|Launch party 1|
Paralyzed. That’s how I’ve felt attempting to read, write, or make anything as of late, whether for The Blasted Tree or to satisfy my own creative impulses. Viral pandemic, racial tension, economic disparity, police brutality, gender inequality, environmental destruction, and on and on and on… as a writer and publisher supposedly engaged in ‘the discourse,’ I feel obliged to respond to these issues with something definitive, an impassioned answer or plea, and I’m frustrated to come up with nothing. Silence is obnoxiously deafening. On the other hand, so is performative ally-ship, and I’m skeptical of using The Blasted Tree, which suddenly feels peripheral to the big discussions of our time, as a mouthpiece for anything that isn’t rooted in real action.
When I first started publishing under the banner of The Blasted Tree, I can honestly say I did not harbour many questions or concerns at all about the ethics of publication. It was clear to me then that ‘publisher’ was synonymous with ‘platformer’ and that I, as someone willing to publish the work of others, would invariably be of service to my literary community. An unknown myself, I couldn’t help but publish other outliers, and so the act of making space was, in and of itself, thought to be a positive contribution.
Yet things in publishing, as in activism, are never quite that clear. Though I was familiar with issues around editorial control, gatekeeping, and fair representation at the time, my intention was to sidestep those problems on behalf of myself and a growing group of peers, and I did not realize the extent to which my choice required that I determine the tone of the platform for all of us. My impression was that if submissions were open, writing would roll in from a wide-enough cross section of the literary community to put together a well-rounded catalogue.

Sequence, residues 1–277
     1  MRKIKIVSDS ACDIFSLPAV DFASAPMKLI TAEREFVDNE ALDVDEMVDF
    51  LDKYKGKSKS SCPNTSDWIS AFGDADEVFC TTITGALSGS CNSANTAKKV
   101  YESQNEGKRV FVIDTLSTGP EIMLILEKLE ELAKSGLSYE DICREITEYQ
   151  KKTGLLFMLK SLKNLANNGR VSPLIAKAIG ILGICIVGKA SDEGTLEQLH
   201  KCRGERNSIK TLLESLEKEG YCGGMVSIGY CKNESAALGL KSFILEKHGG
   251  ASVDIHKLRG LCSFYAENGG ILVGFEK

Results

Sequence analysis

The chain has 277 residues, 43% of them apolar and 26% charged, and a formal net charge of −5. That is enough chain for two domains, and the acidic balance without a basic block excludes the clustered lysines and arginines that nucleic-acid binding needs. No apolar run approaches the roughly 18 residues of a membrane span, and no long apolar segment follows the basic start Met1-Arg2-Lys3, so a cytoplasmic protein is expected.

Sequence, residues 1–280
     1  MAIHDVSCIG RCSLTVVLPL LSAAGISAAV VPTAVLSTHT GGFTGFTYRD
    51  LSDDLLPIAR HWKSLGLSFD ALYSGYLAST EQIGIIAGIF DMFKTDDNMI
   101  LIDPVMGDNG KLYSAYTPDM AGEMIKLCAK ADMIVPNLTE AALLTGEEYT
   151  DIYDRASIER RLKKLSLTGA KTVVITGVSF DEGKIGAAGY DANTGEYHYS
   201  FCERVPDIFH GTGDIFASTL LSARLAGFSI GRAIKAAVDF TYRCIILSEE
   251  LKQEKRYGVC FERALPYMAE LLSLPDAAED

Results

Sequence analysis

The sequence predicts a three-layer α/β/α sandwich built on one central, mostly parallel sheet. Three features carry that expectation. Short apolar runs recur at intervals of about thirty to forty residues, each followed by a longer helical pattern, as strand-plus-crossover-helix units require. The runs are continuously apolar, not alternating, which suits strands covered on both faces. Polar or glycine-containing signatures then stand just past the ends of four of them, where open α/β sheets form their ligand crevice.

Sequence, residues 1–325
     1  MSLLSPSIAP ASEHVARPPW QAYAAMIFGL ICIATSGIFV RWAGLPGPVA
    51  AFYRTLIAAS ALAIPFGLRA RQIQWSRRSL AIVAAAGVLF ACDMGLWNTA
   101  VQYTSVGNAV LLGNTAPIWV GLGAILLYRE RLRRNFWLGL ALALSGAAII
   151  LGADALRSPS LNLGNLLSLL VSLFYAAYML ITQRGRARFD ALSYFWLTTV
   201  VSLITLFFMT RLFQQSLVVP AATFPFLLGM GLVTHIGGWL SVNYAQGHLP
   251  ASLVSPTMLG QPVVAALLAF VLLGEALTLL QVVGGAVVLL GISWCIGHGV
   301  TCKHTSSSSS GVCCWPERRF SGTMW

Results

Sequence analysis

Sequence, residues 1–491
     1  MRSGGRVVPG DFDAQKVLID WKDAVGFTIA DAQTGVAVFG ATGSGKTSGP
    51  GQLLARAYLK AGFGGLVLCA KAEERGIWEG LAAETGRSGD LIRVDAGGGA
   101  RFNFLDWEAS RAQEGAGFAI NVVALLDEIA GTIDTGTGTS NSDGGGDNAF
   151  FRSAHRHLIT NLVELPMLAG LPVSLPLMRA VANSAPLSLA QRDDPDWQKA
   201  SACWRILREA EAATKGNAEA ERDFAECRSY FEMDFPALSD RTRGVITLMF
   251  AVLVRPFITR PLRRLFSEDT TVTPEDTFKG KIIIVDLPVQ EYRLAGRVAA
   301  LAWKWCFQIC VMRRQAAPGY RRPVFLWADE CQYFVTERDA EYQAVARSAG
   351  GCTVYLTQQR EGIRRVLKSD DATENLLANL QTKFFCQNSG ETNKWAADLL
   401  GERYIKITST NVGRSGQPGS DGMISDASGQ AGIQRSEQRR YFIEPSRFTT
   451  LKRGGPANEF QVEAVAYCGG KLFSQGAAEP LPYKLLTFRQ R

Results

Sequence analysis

It did not. Turns out you have to actively solicit writing submissions, which means you have to make decisions about who to approach, how, and for what kind of material. In this way, a prospective publisher immediately runs up against their own biases and the limitations of their network, though they may not see it for quite some time. I didn’t, and while I have always believed in the absolute necessity of promoting the work of people from different backgrounds, the simple act of being ‘for’ something doesn’t automatically make it happen.
The Blasted Tree has, in fairness, published diverse projects by diverse people. Some of it has come in through solicitation, some through rolling submissions. That said, the overwhelming majority of unsolicited work comes from white dudes who ‘know’ beyond a shadow of a doubt how suitable their writing is for my press. Lots of it could be, so curating a selection that reflects my real literary community and not just my inbox is, if you’ll forgive the self-martyrdom, challenging. I don’t think this is only a Blasted Tree problem—to my understanding men are more comfortable with the submission process in general, submitting widely and with fewer scruples—but it could still signal a problem with how I convey my values as a publisher.